The Sciences

Florida: jumping off the cliff of reality with Texas

Bad AstronomyBy Phil PlaitMar 27, 2009 4:30 PM


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[Update: Brandon Haught from the Florida Citizens for Science just sent me a note: this bill introduced in Florida is not new, but was submitted a few weeks ago. The FCS issued a release condemning it and they also have an analysis of it online. According to Brandon, what's is that the Florida Academy of Sciences officially condemned the bill. Sorry for any confusion.]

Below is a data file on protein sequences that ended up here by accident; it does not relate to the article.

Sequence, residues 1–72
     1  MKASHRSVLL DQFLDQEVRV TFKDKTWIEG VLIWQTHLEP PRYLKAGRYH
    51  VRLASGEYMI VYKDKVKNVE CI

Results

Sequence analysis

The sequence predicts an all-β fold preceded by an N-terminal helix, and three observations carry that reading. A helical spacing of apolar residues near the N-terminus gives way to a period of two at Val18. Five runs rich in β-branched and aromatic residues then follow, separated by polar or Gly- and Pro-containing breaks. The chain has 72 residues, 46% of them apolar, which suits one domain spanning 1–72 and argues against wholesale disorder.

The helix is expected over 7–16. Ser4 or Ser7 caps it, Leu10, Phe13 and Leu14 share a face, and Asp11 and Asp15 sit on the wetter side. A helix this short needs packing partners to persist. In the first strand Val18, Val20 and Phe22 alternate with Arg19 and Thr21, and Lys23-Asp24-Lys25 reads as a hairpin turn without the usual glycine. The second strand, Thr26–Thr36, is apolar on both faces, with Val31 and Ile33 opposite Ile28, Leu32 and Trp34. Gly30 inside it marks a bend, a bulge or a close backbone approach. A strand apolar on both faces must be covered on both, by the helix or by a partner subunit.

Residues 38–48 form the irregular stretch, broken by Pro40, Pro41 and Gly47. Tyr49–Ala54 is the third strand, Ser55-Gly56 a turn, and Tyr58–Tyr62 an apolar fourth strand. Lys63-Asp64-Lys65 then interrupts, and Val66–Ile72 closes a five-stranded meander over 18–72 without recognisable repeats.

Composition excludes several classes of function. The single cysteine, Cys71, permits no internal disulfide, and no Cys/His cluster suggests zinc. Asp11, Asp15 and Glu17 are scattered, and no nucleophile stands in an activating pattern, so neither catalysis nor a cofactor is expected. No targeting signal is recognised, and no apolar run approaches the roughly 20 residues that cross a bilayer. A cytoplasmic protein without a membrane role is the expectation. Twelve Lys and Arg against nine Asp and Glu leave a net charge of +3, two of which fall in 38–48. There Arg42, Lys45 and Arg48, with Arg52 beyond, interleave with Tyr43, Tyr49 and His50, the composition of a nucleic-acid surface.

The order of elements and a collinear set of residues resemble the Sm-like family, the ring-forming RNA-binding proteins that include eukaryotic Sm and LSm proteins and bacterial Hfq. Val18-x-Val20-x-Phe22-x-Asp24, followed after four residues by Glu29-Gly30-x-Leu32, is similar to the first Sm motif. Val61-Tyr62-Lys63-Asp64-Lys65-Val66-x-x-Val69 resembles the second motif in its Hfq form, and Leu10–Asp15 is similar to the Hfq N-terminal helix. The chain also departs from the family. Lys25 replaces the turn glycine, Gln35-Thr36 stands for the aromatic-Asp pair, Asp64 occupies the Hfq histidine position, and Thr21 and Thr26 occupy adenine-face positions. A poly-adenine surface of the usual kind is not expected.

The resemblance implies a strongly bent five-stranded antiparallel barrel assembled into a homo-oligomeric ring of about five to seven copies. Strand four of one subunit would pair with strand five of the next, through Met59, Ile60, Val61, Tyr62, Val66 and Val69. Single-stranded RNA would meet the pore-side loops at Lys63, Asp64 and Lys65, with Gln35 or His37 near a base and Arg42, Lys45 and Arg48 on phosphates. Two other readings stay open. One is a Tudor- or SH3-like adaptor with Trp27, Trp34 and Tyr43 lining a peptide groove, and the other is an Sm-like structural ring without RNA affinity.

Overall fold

[Update 2 (March 28, 2009): The bill is as good as dead. Brandon, again, has the details, and some mild ruler-on-knuckles for me and PZ. :)] So while we wait to see just how big of fools the Texas State Board of Education wants to make themselves look (the verdict so far: pretty big), it turns out Florida is busily trepanning themselves as well. No, this is not a repeat from 2008, 2007, 2006, or even 1216, as much as it sounds like the Dark Ages. If you're scratching your head, wondering how on (the 4.55 billion year old) Earth anyone can possibly want to teach creationism in the schools, then I suggest you read the comments on any of my previous few posts on this topic. There you will see people saying things like, "It's only a theory!" (no, it's a theory and a fact), and "Science is faith-based too!" (no, it's not), and "You hate Christians" (no, I don't, and I don't even hate creationists, just what they're doing), and really lots of other blatant lies and ridiculous accusations that are trivially easy to prove wrong... like every creationist claim, come to think of it. Look, creationists: if you personally want to believe that the Earth is 6000 years old, despite a veritable mountain of evidence against it and nothing at all to support it, then you have that right. But when you want to vote your fantasy into legislation or into the schoolbooks, that's wrong. And no matter how much you shout and bloviate and spread your manure, you'll still be wrong. That's how reality really works.

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